The paper examines the difference that exists in the level of job satisfaction between academic staff in private and public tertiary institutions in Nigeria. Centred on detailed review of literature, the hypothesis formulated for research is whether academic staff in public universities are more satisfied with their jobs compared to academic staff in private universities. The variables with which job satisfaction was measured are recognition, pay and working condition. The sample of the study comprise 120 academic staff – 88 members of staff from a public university and 32 academic staff from a private university within Kwara state, Nigeria. Questionnaires were used as the instrument with which primary data was collected. Independent ‘’t’’ test was performed to obtain the difference in job satisfaction between both sectors of tertiary institution. Also, oral interviews were arbitrarily conducted with 8 academic staff from both universities. The findings of the research indicate that a significant difference in job satisfaction exists between academic staff in private and public universities in Nigeria. The result also showed the following: 1. Academic staff in private universities have better working conditions 2. Academic staff in public universities have better payment package 3. Academic staff in private universities are more recognised for their job. Recommendations were offered by researcher to cater for the short-falls identified from the dichotomy in job satisfaction from both sectors 1. private-public interaction 2.To enhance job satisfaction of academic staff in private universities, Government should formulate policies that will cater for other incentives, such as enjoyed by academic staff in public universities.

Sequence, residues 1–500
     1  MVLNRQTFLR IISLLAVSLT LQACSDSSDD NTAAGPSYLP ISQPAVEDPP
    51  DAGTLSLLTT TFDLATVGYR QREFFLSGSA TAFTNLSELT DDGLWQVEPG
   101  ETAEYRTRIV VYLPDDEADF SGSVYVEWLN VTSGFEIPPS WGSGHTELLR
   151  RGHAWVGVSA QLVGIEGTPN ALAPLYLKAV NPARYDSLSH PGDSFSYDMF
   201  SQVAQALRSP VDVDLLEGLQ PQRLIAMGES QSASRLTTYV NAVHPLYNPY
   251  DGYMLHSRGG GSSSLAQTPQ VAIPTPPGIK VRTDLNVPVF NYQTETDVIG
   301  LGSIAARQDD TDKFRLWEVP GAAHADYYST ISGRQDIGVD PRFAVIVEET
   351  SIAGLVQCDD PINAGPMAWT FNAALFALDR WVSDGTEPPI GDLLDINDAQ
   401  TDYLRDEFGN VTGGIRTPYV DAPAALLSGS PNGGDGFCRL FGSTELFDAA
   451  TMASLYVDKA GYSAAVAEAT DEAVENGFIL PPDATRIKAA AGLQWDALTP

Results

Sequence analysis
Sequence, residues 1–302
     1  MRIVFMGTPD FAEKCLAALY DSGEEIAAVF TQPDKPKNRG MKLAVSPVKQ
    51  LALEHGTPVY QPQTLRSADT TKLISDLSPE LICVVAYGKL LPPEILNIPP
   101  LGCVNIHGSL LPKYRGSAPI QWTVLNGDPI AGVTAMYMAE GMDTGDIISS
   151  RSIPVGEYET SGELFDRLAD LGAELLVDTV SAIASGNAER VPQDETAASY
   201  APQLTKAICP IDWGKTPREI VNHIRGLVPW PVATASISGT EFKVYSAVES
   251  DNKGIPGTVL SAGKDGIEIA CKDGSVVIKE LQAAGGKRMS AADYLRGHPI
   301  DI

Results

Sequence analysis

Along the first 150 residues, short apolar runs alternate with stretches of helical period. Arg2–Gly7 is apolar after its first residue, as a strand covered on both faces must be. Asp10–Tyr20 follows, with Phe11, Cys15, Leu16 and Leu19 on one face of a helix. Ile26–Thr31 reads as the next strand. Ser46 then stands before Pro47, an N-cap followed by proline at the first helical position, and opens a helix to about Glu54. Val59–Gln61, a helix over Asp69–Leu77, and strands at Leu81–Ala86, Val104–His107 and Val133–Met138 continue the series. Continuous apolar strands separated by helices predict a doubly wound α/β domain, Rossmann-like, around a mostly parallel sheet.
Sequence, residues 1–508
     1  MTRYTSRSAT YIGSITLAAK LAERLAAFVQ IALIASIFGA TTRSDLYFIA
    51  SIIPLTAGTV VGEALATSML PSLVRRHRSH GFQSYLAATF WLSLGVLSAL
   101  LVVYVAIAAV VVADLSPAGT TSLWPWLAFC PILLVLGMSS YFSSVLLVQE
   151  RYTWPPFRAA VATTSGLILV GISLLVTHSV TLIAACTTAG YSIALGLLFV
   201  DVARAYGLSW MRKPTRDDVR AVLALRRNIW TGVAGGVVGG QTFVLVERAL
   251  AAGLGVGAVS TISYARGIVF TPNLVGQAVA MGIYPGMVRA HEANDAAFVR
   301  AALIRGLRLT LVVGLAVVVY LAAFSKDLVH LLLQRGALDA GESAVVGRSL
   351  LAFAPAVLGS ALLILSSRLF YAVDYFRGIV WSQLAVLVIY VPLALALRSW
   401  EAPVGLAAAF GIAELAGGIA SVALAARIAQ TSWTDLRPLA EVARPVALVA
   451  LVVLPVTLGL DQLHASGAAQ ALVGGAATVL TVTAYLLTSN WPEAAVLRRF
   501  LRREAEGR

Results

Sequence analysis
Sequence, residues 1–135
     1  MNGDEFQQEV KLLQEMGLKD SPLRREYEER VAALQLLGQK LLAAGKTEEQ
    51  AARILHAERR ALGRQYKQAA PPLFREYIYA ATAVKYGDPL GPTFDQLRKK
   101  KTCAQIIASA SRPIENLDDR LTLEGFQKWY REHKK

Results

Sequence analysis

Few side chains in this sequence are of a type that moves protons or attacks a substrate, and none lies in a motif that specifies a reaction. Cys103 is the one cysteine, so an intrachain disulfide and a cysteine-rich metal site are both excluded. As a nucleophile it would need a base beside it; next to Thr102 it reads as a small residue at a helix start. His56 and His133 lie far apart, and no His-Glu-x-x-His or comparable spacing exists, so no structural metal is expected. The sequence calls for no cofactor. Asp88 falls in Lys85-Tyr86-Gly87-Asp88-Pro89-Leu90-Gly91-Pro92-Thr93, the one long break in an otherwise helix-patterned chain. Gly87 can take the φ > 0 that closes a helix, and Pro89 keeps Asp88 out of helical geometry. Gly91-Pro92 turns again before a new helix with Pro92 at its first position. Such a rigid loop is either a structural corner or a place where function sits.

Impact of Working Environment and Training & Development on Organization Performance through Mediating Role of Employee Engagement and Job Satisfaction (Published)
In today’s challenging and competitive environment organizations and institutes are making continuous effort to improve the performances of their employees. To investigate this notion this study has used a deductive approach with a cross-sectional research design & self-completion survey instrument. This approach has been used to collect data from 300 respondents. Structure Equation Modeling (SEM) technique has been used for analysis and result generation. Employee engagement and job satisfaction are found to act as mediator between working environment, training & development and organization performance. Working environment, training & development, employee engagement and job satisfaction appear to be effective ways in developing a strong relationship with organization performance. The present study could facilitate and provide a guidelines to consider implementation of practical applications regarding enhancing the employee engagement. This study suggests that employee engagement and satisfaction play the mediating role between working environment, training & development and organization performance